Melbourne heavyweights The Delta Riggs are back after three years of radio silence with the fourth instalment in their collection of rock n roll treats, Modern Pressure. Definitely worth the wait, the album marks a step up for the band, braving more profound, upfront lyrics than usual while still staying true to the OG Riggs we know and love, making a stylistic return to the rock n roll music they love to make. As an album that packs a lot more than what originally meets the eye, I was lucky enough to sit down for a chat with guitarist Alex Markwell to see what Modern Pressure is all about.
“It’s not in any way a concept album or anything like that… but some of the songs have a bit more of a message of just life and the need to feel like you’re presenting the best version of yourself and how you put yourself under pressure to portray this perfect image,” he explains. In our social media age, “pretty much anyone can look into your life that usually wouldn’t be able to, and hear the songs you write so it’s about taking a step back and living in the moment. It’s looking at yourself from a different viewpoint and not getting too caught up with the pressures of modern life… you know, just get off the phone and look up and see what’s right in front of you.” Sage advice.
The super psychedelic album cover may initially seem just a colourful eyecatcher, but much like the album’s music, there’s more to it on closer inspection. So what’s the dealio here?
“Well for starters, instead of going with something drab and sort of down, go for something colourful and bright. But also, I don’t know if you noticed,” – I hadn’t – “but the eye on the front is a bit bloodshot, a bit sort of tired-looking. You’ve got all these nice, bright colours and it’s peachy and everything, but the actual eye looks like it’s been through some shit.”
So what first appears as a perfect bright image is actually revealed as a cover-up for the reality that lies beneath the glitter and glam. “[Online you can] get caught up on what your friends are doing, but you’re being shown what they choose to show you… That image of what they’re doing might look all positive and all rainbows and Skittles, yet if you take a chance to catch up with them you might realise they’re having a rough time, and if you just take what they’re portraying on social media as a snapshot of their actual lives, you can make the wrong sort of assumption.”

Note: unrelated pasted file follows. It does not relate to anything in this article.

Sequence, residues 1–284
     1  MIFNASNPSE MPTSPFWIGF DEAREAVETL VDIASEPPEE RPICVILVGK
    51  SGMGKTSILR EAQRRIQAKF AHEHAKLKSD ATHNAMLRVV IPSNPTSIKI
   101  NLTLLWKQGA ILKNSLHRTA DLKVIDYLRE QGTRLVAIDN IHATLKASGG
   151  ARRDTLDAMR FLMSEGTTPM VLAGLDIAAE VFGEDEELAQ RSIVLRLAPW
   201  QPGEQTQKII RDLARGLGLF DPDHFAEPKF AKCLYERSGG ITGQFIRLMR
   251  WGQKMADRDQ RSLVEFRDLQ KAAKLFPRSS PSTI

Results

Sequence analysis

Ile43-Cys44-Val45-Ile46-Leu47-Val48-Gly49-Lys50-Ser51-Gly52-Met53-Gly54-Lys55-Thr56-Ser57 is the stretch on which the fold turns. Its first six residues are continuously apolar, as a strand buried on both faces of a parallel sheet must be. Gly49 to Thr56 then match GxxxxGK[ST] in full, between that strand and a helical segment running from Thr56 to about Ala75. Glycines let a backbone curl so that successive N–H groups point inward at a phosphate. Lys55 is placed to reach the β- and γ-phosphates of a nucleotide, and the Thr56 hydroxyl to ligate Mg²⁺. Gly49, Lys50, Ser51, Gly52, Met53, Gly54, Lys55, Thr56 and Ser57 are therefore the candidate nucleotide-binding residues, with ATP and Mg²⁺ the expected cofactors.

Social media pressures are pertinent in the album, but the pressures of the music-making business also affect and inspire the band and their message of modern pressures. “Being in a band you have to put on a brave face the whole time… it can look all peachy on the outside, like ‘oh yeah, you play for 45 minutes, maybe an hour’ but people don’t realise all the stress and the pressure you put on yourself just to get to that point. You’re putting out your heart and soul for everyone’s criticism when you write songs, and I know a lot of musicians and artists who are geared differently and end up with different sorts of mental health needs.
“You might make up all these graphic versions of yourself you think you need to portray, but it’s really you putting yourself under the pressure more than anyone else… and being in a band can be a stressful lifestyle. If you take all the potential for partying and everything out there, you’ve got to make sure you keep a lid on it. We’ve been a band for quite a while now and that sort of lifestyle that people might think happens, getting drunk all the time and partying, that’s just not sustainable at all… Although some people try to sustain it and that’s when they end up with problems.”
However, Alex makes it crystal clear that the album isn’t all doom and gloom. While they’re definitely shedding important light on the fact that not everything’s all rainbows and skittles, whether it be playing in a band or just browsing social media, and leading by example in putting their heart and soul out there for everyone to see in their lyrics, they’re also still out there having fun.
“Instead of trying to hide behind convoluted metaphors of what you’re singing about, it’s just singing about real stuff and putting ourselves out there. Modern Pressure is a departure from our previous stuff in some ways, but it’s also just getting back to the music we love doing and putting out a good rock n’ roll record.”
Modern Pressure is now available on Spotify and to see their fab new work live, The Riggs will be gracing us with their presence on the Friday night of Queenscliff Music Festival November 22-24.
If you povos can’t afford the whole weekend (like me) be sure to at least make it to the Friday! Be there or be square.
Written by Jess Sercombe